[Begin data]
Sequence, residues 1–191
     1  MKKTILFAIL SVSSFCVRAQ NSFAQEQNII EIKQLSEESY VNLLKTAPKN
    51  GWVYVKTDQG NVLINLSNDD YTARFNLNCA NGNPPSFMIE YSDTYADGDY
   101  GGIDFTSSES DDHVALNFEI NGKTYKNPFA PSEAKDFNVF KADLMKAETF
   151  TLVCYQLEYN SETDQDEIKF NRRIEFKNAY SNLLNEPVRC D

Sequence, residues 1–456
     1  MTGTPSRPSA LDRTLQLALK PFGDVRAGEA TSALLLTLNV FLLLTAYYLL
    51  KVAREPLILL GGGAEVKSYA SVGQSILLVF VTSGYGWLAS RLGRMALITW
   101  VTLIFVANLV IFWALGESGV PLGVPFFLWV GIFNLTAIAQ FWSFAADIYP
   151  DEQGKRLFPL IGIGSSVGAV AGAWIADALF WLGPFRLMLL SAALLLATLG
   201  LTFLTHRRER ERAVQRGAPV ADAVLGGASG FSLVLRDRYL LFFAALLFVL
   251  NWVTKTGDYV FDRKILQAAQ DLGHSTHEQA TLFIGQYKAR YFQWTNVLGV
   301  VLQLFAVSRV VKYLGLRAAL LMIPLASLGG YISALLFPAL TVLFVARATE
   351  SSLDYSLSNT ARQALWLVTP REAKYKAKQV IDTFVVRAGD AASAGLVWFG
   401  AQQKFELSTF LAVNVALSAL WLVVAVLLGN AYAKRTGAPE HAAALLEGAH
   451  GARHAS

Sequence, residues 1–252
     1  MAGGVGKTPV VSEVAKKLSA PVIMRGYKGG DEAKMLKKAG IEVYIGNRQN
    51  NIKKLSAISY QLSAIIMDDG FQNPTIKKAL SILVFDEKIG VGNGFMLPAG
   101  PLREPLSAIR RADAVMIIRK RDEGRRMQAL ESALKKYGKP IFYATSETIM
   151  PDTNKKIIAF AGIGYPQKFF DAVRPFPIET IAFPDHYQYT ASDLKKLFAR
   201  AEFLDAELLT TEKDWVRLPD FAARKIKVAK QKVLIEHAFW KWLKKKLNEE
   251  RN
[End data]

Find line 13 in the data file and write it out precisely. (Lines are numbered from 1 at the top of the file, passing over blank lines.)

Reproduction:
   301  VLQLFAVSRV VKYLGLRAAL LMIPLASLGG YISALLFPAL TVLFVARATE